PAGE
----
EDITOR NOTE: Home sales fell dramatically in June signaling that the housing boom may be in retreat. With sticker shock discouraging buyers from crowding the market, it's understandable that prices may be about to deflate in the sector. A new home is obviously a big-ticket item, so those who can afford to hold off should have no pressure to do otherwise. The same can’t be said for rent or the price of basic goods and services--all of which appear to be rising, and most of which will never retreat. In short, don’t let the deflationary trend in certain segments of the economy fool you into thinking that inflation won’t be persistent. Because inflated prices, once established, tend not to go back. Historically, the price of goods and services tends to stay fixed or moving forward. And we’re still at the beginning of a very painful surge.
The housing boom that fueled an unprecedented surge in home prices during the pandemic seems to have finally tapered off. Sales of newly built homes in June fell 6.6% below the revised May rate. This represents a fall to an annualized rate of 676,000 below May’s rate of 724,000 and a whopping 19.4% below the June 2020 estimate of 839,000 according to the U.S. Census Bureau.
The median home price for a new home rose around 6% compared with the previous month’s gains as high as 15-20%. This decline could mean that the inflated home prices seen throughout the year are finally correcting.
Chief Investment Officer at the Bleakley Advisory Group Peter Boockvar told CNBC that “the moderation in home sales is likely a combination of sticker shock and the slowdown in the ability of builders to finish homes because of a variety of delays.”
Whether or not the market has been saturated with buyers will show itself in the next couple of months as we see if prices bottom out or start to rise again. The sticker shock Boockvar references could be representative of a demand that endures but is reserved until prices come back down. The difference has considerable implications for the real estate market. Should the buyer’s market be saturated, that is everyone who needed a home bought one, we could see prices fall off even more.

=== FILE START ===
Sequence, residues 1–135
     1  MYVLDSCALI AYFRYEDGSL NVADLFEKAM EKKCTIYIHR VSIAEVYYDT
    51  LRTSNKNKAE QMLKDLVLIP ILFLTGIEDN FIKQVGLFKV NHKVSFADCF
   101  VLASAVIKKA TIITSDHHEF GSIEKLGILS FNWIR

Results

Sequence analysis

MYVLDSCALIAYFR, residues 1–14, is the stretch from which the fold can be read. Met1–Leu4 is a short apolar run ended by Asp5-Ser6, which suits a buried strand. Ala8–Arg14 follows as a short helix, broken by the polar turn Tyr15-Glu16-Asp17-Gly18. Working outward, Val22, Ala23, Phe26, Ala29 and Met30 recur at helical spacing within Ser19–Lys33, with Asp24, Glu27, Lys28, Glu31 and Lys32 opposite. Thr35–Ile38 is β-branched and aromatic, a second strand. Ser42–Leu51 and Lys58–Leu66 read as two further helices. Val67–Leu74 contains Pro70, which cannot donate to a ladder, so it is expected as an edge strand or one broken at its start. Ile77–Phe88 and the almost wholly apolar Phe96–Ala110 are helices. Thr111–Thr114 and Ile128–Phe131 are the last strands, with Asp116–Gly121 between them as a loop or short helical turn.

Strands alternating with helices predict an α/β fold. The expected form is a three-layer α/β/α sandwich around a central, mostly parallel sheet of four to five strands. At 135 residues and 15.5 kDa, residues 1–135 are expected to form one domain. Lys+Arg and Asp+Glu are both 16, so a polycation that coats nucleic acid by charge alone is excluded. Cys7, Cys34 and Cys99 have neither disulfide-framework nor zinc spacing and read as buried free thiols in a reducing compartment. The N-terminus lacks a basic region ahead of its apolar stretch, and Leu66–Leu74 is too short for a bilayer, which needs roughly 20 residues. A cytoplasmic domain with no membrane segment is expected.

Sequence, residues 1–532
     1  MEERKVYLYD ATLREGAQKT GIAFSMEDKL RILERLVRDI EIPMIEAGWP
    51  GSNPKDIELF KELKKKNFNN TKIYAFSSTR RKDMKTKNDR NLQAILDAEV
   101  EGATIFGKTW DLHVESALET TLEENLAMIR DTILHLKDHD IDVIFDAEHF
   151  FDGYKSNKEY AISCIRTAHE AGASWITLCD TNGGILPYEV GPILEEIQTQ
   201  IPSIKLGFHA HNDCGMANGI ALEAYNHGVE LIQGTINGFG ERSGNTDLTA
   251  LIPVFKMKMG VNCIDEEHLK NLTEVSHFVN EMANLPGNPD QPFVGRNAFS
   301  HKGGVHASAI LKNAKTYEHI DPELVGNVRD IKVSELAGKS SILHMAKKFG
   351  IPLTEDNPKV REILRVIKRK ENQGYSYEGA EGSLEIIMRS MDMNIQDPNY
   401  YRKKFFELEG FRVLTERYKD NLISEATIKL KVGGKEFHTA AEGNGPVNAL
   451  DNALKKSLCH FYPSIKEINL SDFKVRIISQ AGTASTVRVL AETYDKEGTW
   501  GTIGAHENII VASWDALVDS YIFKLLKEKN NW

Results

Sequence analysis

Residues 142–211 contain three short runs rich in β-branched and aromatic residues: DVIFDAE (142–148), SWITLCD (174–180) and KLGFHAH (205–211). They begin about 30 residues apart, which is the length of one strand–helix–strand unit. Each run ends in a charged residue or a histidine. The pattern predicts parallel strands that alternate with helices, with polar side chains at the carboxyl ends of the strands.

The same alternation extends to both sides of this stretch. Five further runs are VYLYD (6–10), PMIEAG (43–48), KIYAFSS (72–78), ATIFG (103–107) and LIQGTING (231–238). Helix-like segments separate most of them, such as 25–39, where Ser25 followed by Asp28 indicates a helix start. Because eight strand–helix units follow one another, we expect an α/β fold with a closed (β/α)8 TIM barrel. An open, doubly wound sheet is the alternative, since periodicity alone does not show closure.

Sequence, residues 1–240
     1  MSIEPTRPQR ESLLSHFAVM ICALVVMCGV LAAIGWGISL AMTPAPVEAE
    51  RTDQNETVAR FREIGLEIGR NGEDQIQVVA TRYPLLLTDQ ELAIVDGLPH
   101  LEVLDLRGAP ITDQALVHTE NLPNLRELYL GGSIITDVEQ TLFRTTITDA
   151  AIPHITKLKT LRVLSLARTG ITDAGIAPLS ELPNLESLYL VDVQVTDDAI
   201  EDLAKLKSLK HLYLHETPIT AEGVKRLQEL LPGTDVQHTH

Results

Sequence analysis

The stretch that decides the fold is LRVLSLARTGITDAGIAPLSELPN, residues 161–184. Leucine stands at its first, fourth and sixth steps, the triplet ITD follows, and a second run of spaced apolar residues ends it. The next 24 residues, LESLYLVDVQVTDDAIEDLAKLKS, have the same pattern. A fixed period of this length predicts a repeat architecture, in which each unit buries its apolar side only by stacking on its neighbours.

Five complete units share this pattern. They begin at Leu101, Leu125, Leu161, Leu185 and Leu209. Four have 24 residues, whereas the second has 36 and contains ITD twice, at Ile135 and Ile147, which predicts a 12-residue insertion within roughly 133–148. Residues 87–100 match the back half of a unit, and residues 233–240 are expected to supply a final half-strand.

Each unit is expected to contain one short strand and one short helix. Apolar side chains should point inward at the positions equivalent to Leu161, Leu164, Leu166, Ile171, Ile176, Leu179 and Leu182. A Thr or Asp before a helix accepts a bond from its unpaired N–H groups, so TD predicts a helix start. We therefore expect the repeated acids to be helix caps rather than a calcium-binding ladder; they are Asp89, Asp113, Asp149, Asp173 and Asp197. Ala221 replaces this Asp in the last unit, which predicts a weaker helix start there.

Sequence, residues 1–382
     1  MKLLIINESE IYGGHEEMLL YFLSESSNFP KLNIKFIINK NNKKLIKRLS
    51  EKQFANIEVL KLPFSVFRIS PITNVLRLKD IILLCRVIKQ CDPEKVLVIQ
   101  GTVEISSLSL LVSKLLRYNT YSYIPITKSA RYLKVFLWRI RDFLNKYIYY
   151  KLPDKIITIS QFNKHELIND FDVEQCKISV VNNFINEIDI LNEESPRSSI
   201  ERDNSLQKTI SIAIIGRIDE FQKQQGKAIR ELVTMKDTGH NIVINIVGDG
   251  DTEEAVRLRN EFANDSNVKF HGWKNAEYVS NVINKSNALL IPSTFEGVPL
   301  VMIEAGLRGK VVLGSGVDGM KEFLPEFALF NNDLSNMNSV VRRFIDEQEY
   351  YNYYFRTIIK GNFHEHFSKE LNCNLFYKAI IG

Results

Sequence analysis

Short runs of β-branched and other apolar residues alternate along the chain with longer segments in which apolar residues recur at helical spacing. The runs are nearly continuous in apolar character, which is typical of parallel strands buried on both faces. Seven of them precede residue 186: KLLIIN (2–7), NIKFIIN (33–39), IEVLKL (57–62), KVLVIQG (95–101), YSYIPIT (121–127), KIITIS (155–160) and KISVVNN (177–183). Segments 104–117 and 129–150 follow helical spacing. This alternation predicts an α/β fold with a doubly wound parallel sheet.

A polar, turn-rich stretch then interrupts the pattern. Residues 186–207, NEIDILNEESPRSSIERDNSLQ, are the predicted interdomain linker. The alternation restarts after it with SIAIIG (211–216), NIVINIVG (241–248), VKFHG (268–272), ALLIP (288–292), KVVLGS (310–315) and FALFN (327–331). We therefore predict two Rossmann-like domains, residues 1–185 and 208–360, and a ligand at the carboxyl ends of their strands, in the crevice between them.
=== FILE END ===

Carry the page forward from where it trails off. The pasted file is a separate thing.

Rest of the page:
If demand is purposely restrained due to drained buyers who have thrown their hands up to historically inflated prices, the housing market could simply be in a lull ready to rise again once prices come off to a level of interest for a demand that still exists.
Michael Goodman of Sherwood Lumber previously told GOBankingRates that they expect demand to remain high for at least the next year and a half or so as they have many lumber companies with projects still on the books that are not complete.
Another possible factor leading to the decrease in home sales could be the uptick in mortgage rates buyers felt in June. Mortgage rates increased by about a quarter of a percentage point in June, which could have been the tipping point for buyers already weary of sky-high sticker tags.
The USCB also adds that the inventory of new homes for sale increased from a 5.5-month supply in May to a 6.3-month supply in June. This could potentially mean that if supply and prices stay on course as they currently are, and buyers still hold out, the tide could eventually turn and become a buyer’s market.
Original post from Yahoo! Finance